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Twice a month, CHIRP DJ and Features Co-Director Mick takes a deep dive into two albums currently in rotation on CHIRP's charts that he thinks are worth some special attention. If you haven't given these albums a listen in their entirety, let Mick make the case for why you should!
Carlos Niño and Miguel Atwood-Ferguson
Chicago Waves is likely the most Athenian collection of improvised jazz to be released this year.
Springing fully formed from the hands, mouths, and minds of collaborators Carlos Niño and Miguel Atwood-Ferguson, Chicago Waves was debuted as an impromptu performed during the release show of Jeremy Cunnigham’s stupendous The Weather Up There, where the duo had been invited as special guest performers.
There was no precursor to the performance and no indication of its content. It merely emerged as you hear it on captured on the album, now released by Chicago’s best new jazz imprint, International Anthem.
Already having been in town to perform selections of the Makaya McCraven’s cross-continental Universal Beings project, Niño and Atwood-Ferguson had spent the days before their performance acquainting themselves with Chicago’s culture and geography.
The music of Chicago Waves reflects their journey in surprising ways, pondering the tranquility of the city’s shoreline and proximity to forest and marsh areas, the music has a resonate flow and zen-like harmony to it.
Soft chimes trickle under gliding strings like streams below an egret’s flight. Ascending soundscapes rise like the sun above the coastline, spreading golden-hued sensations sweeping across meditative bodies of shimmering surf, swaddling the ears in a warm melodious outflow.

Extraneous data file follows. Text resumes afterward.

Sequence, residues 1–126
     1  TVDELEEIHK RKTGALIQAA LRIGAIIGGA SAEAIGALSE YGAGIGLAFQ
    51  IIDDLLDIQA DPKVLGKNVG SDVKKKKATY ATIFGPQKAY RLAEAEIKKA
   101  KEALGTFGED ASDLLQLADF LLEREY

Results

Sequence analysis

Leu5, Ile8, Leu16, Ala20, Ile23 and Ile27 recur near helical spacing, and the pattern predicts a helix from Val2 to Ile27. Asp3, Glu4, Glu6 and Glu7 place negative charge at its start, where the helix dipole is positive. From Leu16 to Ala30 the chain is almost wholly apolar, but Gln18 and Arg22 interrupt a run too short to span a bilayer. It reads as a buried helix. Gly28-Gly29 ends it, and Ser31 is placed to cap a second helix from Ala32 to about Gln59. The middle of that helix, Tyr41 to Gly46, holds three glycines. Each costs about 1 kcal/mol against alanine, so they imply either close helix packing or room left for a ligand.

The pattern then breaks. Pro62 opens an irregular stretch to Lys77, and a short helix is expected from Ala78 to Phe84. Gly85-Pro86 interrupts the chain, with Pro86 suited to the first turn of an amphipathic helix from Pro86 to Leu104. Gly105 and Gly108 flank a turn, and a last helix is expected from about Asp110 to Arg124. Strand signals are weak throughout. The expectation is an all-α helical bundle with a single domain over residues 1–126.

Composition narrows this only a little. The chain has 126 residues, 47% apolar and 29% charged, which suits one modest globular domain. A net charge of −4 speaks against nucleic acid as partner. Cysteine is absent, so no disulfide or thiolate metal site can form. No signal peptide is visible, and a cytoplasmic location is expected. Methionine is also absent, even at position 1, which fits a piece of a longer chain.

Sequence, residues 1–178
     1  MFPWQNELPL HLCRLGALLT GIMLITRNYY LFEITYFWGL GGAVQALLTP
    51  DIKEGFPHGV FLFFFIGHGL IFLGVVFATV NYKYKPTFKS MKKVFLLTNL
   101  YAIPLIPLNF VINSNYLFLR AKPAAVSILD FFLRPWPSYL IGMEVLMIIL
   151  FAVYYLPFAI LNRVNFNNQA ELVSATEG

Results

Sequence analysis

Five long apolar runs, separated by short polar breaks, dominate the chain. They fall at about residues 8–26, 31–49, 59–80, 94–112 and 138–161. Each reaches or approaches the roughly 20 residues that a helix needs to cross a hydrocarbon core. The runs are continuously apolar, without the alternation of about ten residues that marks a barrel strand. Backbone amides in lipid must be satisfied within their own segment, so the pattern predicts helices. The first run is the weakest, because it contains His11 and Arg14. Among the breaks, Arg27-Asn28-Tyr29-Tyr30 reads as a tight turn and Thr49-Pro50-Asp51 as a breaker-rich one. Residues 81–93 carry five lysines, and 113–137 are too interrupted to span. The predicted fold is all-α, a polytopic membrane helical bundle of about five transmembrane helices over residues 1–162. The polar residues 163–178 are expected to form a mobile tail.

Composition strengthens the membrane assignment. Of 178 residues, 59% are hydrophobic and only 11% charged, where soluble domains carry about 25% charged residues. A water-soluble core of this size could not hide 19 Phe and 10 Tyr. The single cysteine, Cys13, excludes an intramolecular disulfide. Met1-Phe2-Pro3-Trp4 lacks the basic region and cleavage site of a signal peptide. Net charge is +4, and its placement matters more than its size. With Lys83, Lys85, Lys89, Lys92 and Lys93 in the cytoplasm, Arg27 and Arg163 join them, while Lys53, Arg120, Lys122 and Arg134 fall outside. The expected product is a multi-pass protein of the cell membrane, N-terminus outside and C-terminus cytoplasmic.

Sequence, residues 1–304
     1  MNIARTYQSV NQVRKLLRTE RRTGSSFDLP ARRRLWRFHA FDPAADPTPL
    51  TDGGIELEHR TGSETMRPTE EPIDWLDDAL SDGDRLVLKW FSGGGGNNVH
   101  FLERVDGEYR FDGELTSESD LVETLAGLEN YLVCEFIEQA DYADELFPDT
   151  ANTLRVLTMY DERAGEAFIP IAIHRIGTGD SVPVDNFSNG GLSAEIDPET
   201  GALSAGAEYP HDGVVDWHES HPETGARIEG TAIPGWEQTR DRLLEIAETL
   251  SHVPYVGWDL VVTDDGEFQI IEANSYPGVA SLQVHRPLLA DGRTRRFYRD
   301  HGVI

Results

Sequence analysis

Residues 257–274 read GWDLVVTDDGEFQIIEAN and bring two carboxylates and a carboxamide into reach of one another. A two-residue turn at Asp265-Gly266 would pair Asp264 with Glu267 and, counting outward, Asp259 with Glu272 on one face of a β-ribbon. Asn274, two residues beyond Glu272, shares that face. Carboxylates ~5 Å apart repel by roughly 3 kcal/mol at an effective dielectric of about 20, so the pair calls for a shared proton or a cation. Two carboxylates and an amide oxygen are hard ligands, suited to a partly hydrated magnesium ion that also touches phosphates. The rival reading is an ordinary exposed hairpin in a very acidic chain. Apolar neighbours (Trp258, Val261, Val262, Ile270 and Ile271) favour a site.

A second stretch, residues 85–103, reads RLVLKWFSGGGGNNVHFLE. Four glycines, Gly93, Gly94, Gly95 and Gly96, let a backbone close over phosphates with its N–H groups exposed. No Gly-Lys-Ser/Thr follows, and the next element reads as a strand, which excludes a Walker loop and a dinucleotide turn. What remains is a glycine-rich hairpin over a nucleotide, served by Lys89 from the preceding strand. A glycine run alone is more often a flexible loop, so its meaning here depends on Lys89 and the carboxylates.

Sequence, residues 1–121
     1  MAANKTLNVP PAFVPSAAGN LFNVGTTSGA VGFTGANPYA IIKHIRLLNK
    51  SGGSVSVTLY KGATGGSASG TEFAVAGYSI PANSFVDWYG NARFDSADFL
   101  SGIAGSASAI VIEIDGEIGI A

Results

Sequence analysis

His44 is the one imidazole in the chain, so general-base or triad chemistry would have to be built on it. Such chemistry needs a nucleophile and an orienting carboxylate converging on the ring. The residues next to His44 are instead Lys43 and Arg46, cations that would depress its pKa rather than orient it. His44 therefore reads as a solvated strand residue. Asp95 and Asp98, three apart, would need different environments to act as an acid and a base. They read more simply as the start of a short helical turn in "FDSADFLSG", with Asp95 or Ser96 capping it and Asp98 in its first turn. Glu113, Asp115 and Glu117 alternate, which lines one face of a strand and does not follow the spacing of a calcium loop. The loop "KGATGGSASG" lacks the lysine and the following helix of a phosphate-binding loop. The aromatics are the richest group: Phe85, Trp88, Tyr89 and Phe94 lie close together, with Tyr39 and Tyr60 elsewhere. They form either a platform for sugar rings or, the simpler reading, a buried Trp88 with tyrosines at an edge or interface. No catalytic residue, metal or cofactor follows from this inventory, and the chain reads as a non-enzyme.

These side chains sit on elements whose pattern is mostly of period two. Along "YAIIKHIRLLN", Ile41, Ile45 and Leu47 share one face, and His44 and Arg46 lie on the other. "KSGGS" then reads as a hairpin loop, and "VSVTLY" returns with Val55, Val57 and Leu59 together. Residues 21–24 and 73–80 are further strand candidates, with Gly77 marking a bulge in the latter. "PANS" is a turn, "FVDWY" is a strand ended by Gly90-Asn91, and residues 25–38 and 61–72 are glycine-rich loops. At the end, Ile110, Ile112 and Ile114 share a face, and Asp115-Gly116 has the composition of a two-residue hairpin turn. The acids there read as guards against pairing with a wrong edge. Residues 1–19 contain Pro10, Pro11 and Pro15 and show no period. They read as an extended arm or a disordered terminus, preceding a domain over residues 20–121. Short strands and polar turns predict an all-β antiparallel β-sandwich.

The presentation is so captivating it seems impossible that it could have been performed in a single take before a live audience, but the sounds of spectators clearing their throats, adjusting their chairs, and emitting audible gasps throughout the set, leaves little doubt as to its authenticity.
Chicago Waves is broken into eight parts, each flowing majestically into the next in a frictionless procession of a polyphonic epiphany. “Part II” opens like a crack in a cliff’s face through which a stream runs and all manner of living creatures make their homes.
“Part IV” has a warm, vespertine air about it, where bowing sonic coos mimic the hoots of owls and excellent string work evokes the image of passing shooting stars. “Part VI – Into Eternity” suggests distance from its subject as cool piano wonders through washes of beach eating percussion and sharp string arrangements that fall like leaves from quivering walls of foliage.
Chicago Waves concludes with the difficult ascent off “Part VIII – Chicago Waves” a marathon clammer of clashing percussion and billowing melodies that force the listener towards the aperture of a final revelatory close.
A journey like no other, Chicago Waves will take you places you didn’t realize you needed to go.
Mick is always writing about something he's heard. Possibly even something you'd like. You can read his stuff over at the I Thought I Heard a Sound blog.
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